Today's ugly Islamophobia painfully recalls the bigotries of earlier times. Now, as then, "culture wars" are energized less by what is known about the other than by what is not known or not understood. And, for those who care about lifting up the values that have meant the most to America's social, political, and ethical maturation, that's the place to put the lever.
When a society is divided by race, gender, class, politics, or religion, the path to harmony always leads through encounter, dialogue, and engagement. Too often, our most deeply held prejudices are simply unexamined, because we've never met, really talked to, or worked with anyone from "that group." Actually meeting the other almost always lightens the burden of misconception, and the next steps can begin to build productive relationships.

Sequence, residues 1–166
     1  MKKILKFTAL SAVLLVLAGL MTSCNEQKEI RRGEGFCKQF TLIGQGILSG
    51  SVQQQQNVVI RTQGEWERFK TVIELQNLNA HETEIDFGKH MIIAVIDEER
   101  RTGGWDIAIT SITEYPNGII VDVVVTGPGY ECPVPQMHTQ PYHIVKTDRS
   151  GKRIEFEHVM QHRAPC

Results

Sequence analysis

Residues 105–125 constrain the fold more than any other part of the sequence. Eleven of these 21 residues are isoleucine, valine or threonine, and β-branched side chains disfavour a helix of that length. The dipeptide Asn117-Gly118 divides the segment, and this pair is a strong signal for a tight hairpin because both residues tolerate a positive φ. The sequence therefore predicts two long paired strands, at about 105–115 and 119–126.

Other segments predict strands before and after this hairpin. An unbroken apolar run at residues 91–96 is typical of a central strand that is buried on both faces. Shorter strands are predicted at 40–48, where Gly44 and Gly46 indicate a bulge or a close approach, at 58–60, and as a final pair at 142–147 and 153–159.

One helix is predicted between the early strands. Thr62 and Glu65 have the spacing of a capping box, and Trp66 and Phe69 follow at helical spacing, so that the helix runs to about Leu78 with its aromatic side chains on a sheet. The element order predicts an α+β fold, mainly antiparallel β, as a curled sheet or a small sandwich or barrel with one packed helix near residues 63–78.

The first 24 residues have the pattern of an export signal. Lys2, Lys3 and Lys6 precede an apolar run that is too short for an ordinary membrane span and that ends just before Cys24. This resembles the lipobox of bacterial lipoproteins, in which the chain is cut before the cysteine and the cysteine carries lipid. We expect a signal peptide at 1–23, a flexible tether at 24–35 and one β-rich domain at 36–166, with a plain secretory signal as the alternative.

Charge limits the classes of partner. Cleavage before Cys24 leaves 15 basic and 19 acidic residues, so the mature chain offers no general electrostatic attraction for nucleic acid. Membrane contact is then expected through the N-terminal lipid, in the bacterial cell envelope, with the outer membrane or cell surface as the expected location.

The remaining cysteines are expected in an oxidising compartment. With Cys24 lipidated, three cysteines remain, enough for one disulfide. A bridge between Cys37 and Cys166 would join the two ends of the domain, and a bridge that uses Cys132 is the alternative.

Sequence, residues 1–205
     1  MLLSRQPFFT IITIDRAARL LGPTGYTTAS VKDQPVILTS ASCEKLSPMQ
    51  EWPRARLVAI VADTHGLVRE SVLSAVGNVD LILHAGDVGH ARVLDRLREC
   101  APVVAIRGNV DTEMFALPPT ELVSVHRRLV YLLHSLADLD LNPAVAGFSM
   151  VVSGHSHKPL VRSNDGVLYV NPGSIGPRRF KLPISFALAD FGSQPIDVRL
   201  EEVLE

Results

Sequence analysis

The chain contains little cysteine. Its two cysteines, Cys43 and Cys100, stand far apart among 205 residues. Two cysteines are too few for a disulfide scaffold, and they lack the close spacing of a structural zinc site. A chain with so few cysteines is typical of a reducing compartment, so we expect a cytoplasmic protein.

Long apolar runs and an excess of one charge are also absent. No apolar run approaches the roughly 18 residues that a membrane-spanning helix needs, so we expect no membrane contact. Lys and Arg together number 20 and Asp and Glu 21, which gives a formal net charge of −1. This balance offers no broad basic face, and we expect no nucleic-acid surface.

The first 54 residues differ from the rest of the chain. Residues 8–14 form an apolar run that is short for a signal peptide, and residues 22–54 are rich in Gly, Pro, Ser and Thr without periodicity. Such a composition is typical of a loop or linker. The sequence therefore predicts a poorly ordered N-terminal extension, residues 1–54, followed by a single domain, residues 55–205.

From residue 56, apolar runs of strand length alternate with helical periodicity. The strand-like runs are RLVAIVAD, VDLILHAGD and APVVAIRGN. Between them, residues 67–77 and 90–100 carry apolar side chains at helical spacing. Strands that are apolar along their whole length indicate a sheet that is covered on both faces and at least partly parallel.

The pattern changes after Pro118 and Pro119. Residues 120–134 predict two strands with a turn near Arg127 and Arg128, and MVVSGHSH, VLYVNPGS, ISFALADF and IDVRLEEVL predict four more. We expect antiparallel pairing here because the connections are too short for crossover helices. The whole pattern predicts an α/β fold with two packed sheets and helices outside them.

So where do we start?
For the past 20-some years I've been on a fool's errand, or so I've often been told. I've been active in the global movement for interreligious understanding and cooperation for the common good. Those who disparage the effort usually come from one of two very different starting points:
- Religions differ in their basic premises; only one can be true. Therefore, interreligious engagement can only imperil the faith of the true believer.
- Religion is the source of all human problems. The sooner we are finished with it, the better. Dialogue only prolongs the inevitable.